Christmas Memory, Helen Ashcroft: Surprise Switches

I originally tried to dredge up a memory of Christmases long past for this article. I thought about playing Sonic The Hedgehog with my brothers, and of introducing everyone we know to Wii Sports like Features Editor Ben Sledge – which I was surprisingly good at for someone who was six months pregnant at the time. But no memory lives up to 2020, a bad year made good.

Since I got married we’ve always been a Nintendo household. Mario, Luigi, the Rabbids, and Kirby are all to be found in our home, and you’ll never catch my three kids confusing Link with Zelda. While we also have other consoles, we’ve never been without the latest Nintendo offering.

These days the children are teens – yes, I am that old – but the Nintendo love remains. We’ve never grown out of catching Pokemon, collecting Pikmin, and of course, absolutely pummelling each other in Smash Bros., and we never will. We’re a gaming household through and through and in 2020, we leveled up.

Let’s face it, no one had a good year in 2020 – except maybe Jeff Bezos who can now swim in his billions of dollars like Scrooge McDuck. Everything for the rest of us was just different levels of utter shit. We got through the months of being trapped in the house by playing various Nintendo games. We had arguments about Animal Crossing islands, arguments about Mario Kart races, and most of all, arguments over whose turn it was on the Switch. The more we played, the more the kids began to crave having a Switch of their own.

I didn’t blame them. Sharing sucks after a while, especially when you have to share with someone you have to see every single day, all the damn time. Then there are the save game restrictions, as well as things like not being able to create your own Animal Crossing Island because your mum was reviewing the game and is now the overlord of Ashcroft Island, whether you like it or not.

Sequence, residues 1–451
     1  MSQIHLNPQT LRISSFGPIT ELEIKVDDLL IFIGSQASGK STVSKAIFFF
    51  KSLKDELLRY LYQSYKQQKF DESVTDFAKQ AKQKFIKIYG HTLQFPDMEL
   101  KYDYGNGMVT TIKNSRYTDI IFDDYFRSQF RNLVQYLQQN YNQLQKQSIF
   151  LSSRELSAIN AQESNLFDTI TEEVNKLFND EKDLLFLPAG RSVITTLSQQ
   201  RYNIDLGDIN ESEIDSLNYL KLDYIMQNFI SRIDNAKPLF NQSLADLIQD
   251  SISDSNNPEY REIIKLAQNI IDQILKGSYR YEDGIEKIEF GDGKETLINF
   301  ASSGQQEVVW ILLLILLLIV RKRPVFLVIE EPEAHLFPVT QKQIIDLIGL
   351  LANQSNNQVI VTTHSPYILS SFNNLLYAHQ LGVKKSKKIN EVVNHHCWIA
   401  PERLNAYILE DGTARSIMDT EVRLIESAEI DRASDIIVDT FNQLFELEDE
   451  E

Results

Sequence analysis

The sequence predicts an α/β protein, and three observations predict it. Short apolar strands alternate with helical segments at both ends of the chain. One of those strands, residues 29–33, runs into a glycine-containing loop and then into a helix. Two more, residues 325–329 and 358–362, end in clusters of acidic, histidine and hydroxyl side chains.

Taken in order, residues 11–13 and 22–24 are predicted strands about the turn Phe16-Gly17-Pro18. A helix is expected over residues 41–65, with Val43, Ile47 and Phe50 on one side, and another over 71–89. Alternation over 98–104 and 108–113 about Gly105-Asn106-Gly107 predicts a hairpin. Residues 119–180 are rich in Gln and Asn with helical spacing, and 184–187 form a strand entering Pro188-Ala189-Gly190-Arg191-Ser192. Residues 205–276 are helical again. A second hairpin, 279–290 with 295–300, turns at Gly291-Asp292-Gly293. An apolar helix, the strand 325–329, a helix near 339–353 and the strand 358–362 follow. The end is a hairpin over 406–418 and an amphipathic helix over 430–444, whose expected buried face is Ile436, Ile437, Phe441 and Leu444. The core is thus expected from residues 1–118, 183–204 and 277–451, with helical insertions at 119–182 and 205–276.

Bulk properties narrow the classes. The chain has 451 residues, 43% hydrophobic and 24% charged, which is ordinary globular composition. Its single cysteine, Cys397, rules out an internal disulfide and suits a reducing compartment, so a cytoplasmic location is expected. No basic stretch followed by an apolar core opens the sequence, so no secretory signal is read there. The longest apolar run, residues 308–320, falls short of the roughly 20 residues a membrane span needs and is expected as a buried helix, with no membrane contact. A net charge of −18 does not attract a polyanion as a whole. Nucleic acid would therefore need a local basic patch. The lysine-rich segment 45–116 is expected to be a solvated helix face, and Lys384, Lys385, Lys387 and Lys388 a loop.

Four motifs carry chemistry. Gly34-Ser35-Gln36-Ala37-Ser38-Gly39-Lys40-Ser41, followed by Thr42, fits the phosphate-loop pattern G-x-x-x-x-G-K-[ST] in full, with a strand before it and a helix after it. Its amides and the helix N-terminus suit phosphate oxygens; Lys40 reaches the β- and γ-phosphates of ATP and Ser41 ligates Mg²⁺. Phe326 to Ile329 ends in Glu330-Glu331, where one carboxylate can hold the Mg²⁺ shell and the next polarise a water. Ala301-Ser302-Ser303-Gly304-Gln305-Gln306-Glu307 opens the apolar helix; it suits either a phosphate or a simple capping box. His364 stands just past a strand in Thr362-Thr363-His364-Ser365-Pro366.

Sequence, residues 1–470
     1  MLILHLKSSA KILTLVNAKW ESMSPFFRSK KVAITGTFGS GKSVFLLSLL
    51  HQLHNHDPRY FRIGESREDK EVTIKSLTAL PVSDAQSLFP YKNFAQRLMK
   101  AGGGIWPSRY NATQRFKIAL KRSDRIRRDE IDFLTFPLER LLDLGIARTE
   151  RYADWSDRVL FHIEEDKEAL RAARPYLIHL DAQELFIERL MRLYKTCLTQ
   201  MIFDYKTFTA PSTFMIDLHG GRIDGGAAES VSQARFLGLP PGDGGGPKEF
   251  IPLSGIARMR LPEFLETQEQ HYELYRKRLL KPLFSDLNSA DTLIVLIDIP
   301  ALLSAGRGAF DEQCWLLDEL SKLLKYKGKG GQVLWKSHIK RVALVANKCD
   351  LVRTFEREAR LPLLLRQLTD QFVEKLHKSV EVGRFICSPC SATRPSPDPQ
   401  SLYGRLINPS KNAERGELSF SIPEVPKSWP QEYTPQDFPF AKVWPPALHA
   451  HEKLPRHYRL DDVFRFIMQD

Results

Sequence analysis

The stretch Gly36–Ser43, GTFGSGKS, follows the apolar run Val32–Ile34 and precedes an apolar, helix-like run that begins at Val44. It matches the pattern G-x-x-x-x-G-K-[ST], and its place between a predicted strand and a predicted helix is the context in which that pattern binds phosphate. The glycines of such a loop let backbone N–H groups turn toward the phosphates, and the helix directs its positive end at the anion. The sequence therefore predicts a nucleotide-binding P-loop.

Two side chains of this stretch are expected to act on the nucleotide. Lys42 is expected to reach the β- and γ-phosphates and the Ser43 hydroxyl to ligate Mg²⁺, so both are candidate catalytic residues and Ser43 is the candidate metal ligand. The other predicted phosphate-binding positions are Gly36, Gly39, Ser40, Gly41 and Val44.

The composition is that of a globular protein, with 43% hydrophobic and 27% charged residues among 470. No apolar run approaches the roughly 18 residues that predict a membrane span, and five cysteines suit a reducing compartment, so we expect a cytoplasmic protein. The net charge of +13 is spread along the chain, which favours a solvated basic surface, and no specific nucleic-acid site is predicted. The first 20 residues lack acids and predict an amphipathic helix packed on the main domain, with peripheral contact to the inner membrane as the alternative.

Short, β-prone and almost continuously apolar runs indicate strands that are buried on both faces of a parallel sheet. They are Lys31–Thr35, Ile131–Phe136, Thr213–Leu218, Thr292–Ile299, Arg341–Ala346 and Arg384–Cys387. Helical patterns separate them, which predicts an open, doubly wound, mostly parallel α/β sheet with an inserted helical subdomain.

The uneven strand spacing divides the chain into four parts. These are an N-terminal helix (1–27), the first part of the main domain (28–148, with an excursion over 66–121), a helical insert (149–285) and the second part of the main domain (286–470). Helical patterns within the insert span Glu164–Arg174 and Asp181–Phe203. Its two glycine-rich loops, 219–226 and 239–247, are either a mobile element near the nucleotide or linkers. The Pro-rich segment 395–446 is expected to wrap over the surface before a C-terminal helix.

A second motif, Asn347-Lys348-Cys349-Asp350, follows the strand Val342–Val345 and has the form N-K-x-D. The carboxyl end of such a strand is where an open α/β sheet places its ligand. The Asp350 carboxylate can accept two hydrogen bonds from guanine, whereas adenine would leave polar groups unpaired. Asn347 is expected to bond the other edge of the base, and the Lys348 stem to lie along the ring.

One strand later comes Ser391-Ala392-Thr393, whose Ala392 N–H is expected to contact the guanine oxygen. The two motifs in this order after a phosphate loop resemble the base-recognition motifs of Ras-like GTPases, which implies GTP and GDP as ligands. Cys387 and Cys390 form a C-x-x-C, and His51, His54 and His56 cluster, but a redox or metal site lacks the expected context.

As a result, the kids started to save for their own Switch Lites. They were doing pretty well, but those things are expensive and none of them were quite enough for jobs that pay enough to fund consoles just yet. So they waited and saved.

Christmas came around, and they opened the usual selection of gifts. We’ve never done huge presents for each child, instead buying smaller things and occasionally a large family gift, such as a console. We’re lucky that the kids have always been happy and grateful, pleased with what they had. This also meant that they thought the gift-giving was done. Then we gave them all one last gift.

I’ll never forget the sheer joy on their faces as they opened the boxes to find a Switch Lite each. It didn’t occur to any of them that they weren’t the only ones who had been saving. There were actual tears involved as they piled on us to say thank you. It also proved that while we’ve not usually been able to afford to spend so much at Christmas, it made the time we could do it all the more special. We may not have had days out or a holiday that year, but we ended it on a high.

We’re now two years on, and they still regularly play on their Switch Lites. Now the arguments over who plays on the main Switch are finished, replaced instead by heated discussions about who last had the Pokemon Sword cartridge, and who took the charger that was left unattended in the lounge. Oh, and they still accuse each other of cheating in Mario Kart. Some things never change.

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